The passage of time can change the appearance of a woman's breasts, whether or not they have been altered by surgery. At times, an individual's preferences may shift, causing them to seek revisional breast surgery. A thorough understanding of the various forces that contribute to changes in a surgical result over time is important when undertaking revisional breast surgery.
Dr. Belsley feels that revising a previous surgical result should be preceded by lengthy discussions about available options. She strives to provide a very thorough explanation of what she regards as the possible and the optimal surgical approaches.
Frank discussions that include the advantages and disadvantages of each option can lead to a wonderfully satisfying result.
This case depicts a 30 year old woman who had undergone breast augmentation with 300 cc smooth, round saline implants placed above the pectoralis muscles via a periareolar incision by another surgeon approximately one year prior to her consultation with Dr. Belsley.
Her Grade IV capsular contracture was revised by exchanging her implants and placing the new 330 cc smooth, round saline implants below the pectoralis muscle and performing a vertical or "lollipop" incision breast lift. The post-operative photographs depict her appearance just under one year after her corrective surgery.
I apply the same criteria to patients who have had their surgery elsewhere as I do to my own patients. I am typically reluctant to re-operate on a breast augmentation patient for minor issues, because each time one undergoes revision, many of the risks of surgery tend to be multiplied. This is why I spend a great deal of time discussing size preferences and the likely outcome of surgery with my patients pre-operatively. It is said frequently that the most common reason for re-operation of the breasts in women who have had breast augmentation surgery is that they wish to “go bigger.” Ultimately, I feel that this is a poor reason to undergo repeated surgical procedures that can only result in more scar tissue, which is unpredictable, and thinning of the native tissues, which are necessary to cover the implant and provide a natural looking result. I encourage patients to think carefully about the risks of revision in cases where there is not a major problem.More >>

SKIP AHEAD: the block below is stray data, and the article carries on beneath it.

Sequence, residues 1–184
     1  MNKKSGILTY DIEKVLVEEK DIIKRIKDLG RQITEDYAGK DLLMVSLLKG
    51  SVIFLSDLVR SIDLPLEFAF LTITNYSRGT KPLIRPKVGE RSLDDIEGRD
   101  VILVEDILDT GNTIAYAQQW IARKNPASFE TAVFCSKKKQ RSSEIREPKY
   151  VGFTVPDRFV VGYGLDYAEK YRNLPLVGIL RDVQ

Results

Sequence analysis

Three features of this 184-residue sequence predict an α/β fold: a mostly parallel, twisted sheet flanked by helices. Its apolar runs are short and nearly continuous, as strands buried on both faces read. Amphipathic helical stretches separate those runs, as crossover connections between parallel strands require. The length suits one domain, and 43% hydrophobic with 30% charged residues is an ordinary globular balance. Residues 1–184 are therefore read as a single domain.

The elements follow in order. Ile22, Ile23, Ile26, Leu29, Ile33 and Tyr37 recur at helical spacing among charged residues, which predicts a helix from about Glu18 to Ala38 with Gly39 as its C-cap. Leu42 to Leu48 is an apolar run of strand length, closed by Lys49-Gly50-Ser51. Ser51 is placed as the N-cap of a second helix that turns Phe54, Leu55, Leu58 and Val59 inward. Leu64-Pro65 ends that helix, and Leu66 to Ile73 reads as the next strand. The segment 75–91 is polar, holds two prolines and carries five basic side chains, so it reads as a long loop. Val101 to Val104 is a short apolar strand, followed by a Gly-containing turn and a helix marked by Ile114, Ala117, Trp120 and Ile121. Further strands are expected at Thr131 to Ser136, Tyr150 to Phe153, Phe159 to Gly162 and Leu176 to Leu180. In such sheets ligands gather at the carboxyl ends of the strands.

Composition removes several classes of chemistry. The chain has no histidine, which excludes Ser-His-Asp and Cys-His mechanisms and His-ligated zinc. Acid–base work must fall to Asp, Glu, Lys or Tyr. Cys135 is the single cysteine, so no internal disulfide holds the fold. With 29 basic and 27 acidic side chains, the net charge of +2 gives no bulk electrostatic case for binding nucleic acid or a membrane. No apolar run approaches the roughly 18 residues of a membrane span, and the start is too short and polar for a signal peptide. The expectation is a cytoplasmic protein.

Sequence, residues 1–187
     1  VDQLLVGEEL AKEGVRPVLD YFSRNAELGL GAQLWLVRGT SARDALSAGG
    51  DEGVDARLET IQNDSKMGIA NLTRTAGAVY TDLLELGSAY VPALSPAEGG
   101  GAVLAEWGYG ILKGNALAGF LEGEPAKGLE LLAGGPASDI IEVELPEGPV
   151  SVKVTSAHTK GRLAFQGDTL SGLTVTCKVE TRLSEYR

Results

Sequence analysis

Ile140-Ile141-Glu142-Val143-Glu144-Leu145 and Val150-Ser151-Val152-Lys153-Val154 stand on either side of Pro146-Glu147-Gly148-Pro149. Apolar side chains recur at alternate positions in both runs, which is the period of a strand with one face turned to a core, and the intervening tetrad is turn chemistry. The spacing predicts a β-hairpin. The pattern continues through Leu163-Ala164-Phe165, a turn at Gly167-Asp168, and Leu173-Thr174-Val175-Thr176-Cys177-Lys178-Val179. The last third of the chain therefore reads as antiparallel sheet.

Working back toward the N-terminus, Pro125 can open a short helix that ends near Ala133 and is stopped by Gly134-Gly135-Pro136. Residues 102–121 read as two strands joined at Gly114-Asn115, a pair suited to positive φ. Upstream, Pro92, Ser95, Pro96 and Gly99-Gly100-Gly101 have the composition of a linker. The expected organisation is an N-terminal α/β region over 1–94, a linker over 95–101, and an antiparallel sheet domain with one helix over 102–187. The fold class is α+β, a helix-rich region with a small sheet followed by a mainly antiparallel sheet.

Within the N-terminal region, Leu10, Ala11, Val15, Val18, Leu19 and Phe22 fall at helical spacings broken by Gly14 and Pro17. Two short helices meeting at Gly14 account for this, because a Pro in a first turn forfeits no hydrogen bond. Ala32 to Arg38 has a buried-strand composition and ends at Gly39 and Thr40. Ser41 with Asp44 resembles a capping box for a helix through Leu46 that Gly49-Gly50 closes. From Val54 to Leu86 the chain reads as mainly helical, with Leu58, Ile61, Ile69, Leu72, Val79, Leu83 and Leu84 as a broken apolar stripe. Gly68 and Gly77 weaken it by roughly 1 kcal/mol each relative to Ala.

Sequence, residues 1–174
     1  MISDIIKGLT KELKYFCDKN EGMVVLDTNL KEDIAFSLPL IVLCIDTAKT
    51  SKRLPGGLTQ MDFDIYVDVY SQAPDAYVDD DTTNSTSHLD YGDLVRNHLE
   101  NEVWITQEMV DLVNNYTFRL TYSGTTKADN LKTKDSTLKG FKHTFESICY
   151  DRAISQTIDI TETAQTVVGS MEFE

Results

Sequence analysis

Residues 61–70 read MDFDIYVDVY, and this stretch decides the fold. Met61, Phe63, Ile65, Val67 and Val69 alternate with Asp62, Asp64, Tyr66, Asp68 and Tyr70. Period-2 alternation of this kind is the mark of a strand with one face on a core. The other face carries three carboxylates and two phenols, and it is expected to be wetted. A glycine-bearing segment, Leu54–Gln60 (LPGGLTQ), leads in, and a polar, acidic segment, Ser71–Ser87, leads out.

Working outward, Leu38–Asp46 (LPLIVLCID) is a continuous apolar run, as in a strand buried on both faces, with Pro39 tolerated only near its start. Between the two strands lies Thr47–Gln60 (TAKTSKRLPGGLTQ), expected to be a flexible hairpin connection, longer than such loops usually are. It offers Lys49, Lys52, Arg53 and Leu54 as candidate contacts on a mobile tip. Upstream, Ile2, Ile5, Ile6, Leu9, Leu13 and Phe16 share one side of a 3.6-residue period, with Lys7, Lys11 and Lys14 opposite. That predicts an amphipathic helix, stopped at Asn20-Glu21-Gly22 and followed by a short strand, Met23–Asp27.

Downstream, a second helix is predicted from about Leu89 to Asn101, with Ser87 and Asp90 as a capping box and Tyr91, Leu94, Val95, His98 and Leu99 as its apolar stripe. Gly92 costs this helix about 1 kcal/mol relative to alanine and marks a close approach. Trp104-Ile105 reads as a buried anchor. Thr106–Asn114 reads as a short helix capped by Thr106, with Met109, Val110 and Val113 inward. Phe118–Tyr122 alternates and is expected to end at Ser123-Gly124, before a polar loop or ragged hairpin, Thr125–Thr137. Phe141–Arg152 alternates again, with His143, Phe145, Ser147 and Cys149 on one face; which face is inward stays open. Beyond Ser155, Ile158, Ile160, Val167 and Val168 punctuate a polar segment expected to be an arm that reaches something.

The surgical use of the word “revision” implies more than repeat; it means going back to the site of a previous operation and performing another one, similar perhaps but not necessarily the same. The reasons are multiple – there may have been an anticipated or unanticipated complication, the patient may not be satisfied with a cosmetic result although there is no other issue, the procedure may need to be repeated because the implant has become worn or damaged (not only breasts, applies to pacemakers and eye lens implants).
In terms of revision of breast surgery, the patient may be dissatisfied with a poor result, or perfectly satisfied but now wants the breasts made larger or smaller; something may have happened to the prosthesis and it needs to be replaced; the prosthesis may not have changed but the patient wants a different type (switch from saline to gel); there may have been post-augmentation changes due to pregnancy, weight gain or loss, or advancing age.